Sustainable living: Fish


wanted salmon, seared in hot oil until the skin is crispy but still pink in the middle, drizzled with home-made teriyake sauce, served with steaming white rice and stir-fried vegetables, wash down with a glass of Vermentino di Sardegna.

So I put salmon on the grocery list, together with wild shrimps, squid and rode poon (or gurnard, that ugly North Sea fish nobody wants to eat) for our weekly trip to Schmidt Zeevis, one of Holland’s biggest fish dealer. Just to be sure I checked their website for the availability of salmon.

There are enough choices alright, but none of what I wanted. Wild ones, in season. I was even willing to pay a fortune for it. But wild salmon is not in season at the moment. Neither is gurnard. So I’m left with the usual choice, Atlantic mackerel.

I love mackerel, nutritious, affordable and easy to cook. I’ve fried them, grilled them, and cooked them in coconut milk. Whenever my daughter refused the meals that I cook, I give her smoked mackerel with rice. Mackerels are caught in “nearby” waters, Northern Atlantic Ocean, Mediterranean Sea and Black Sea so they’re available all year round, like sardines.

But for several months now, we’ve only been eating eating mackerel and gurnard. Sometimes we get lucky when small squids and sardines are on sale but they’re not always available. So our fish diet is consist mainly of mackerel. No matter how delicious they are, it’s tiring eating the same fish all the time. I couldn’t even remember the last time I ate salmon. Or tuna.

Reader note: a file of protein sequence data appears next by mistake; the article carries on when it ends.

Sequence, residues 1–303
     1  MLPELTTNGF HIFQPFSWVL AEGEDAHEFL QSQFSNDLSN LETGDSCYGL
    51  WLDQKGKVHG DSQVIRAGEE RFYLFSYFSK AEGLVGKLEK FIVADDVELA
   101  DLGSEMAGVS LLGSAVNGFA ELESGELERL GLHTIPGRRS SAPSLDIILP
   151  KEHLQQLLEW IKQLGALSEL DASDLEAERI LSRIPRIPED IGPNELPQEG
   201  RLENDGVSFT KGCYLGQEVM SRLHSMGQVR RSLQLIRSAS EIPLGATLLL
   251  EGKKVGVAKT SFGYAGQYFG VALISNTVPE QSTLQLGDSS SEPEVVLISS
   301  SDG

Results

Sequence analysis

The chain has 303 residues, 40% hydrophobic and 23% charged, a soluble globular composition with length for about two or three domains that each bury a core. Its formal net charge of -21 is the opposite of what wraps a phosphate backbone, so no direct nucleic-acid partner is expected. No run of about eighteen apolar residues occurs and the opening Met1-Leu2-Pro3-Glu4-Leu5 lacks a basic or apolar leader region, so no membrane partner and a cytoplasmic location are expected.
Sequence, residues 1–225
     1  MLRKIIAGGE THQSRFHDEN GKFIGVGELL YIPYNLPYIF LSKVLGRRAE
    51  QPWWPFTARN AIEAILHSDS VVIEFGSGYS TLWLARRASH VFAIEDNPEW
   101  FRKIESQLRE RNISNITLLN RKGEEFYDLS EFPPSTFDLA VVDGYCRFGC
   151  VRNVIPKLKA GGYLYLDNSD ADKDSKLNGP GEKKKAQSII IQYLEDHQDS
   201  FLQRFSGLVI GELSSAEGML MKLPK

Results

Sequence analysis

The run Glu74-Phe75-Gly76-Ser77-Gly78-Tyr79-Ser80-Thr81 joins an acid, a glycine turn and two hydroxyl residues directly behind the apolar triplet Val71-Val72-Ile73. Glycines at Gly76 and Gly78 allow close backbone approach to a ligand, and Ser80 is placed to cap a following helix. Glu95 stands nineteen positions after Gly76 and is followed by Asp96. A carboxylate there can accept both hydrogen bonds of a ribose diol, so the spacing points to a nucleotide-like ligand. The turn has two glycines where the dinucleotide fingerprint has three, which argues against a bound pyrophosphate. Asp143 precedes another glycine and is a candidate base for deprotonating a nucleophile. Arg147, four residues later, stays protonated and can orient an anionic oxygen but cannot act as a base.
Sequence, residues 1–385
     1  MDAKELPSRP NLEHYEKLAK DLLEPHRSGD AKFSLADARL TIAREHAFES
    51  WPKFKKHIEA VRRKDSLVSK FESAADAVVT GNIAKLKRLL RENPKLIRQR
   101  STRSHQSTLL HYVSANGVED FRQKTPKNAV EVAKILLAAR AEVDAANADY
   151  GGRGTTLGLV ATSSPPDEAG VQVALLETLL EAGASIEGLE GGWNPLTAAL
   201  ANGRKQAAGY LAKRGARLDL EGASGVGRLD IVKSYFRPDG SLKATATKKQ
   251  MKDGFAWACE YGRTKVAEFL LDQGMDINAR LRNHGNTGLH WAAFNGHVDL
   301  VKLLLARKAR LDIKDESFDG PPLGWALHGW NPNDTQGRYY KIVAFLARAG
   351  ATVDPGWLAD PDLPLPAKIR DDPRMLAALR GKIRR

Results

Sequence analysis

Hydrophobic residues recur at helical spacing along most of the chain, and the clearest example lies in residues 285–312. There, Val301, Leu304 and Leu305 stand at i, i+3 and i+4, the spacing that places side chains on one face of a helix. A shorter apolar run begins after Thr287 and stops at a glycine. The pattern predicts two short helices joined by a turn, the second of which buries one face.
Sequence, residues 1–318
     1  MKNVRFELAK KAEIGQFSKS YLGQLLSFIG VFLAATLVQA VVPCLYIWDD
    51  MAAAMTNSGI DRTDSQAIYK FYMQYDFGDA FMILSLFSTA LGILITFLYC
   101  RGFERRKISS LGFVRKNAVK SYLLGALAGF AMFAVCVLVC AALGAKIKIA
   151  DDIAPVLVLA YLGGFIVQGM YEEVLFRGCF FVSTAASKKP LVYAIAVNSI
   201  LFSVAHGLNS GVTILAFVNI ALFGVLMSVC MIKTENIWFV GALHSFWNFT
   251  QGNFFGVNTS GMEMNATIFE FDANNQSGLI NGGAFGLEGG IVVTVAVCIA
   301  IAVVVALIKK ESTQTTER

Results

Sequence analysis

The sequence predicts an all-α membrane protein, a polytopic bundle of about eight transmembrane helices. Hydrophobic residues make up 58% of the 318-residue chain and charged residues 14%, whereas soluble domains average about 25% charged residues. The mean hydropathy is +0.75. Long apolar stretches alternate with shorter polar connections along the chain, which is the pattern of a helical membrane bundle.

For me this is the reality of sustainable eating, eco-living and whatever green term you want to call it. It’s very expensive, it takes patience (like waiting 8 weeks for your next supply of pork), it’s boring (try making cabbage and Brussel’s sprouts exciting) and you’d always be asking yourself, what’s the point? Nobody cares anyway and your effort feels like a tiny drop in the ocean.

I miss eating salmon and tuna. But out of principle I don’t buy the farmed ones. The negative impact of aquaculture (including salmon farming) is still not easy for me to ignore. And tuna is not exactly a North Sea or Northern Atlantic fish.

When we became parents, we became more aware of how unsustainable our society is and decided to change our way of life. One of the things we can afford is not buying farmed fish. Of course, like with any discussion on sustainable living, I can make these choices because I have the means to do so. Others aren’t so privileged.

I also miss eating strawberries and raspberries and peach but they’re not summer fruits and I refuse to buy the ones flown from Peru. I don’t buy avocado anymore. You can bet on it that its carbon footprint is huge, if you’re even remotely aware of where they come from. I allow myself to eat banana once a month and I’m tired of eating oranges, apples and pear.

And right now I really, really want to eat salmon.

But I bought smoked mackerel instead.

P.S. I know that the MSC certificate of North East Atlantic has been suspended in 2019 despite having a healthy stock. But compared to tuna and salmon, I think it’s still a more sustainable choice. You see, sustainable eating can be quite complicated. That’s why I don’t think that the discussion on sustainable living should be simplified in terms like just going organic and going completely plastic-free.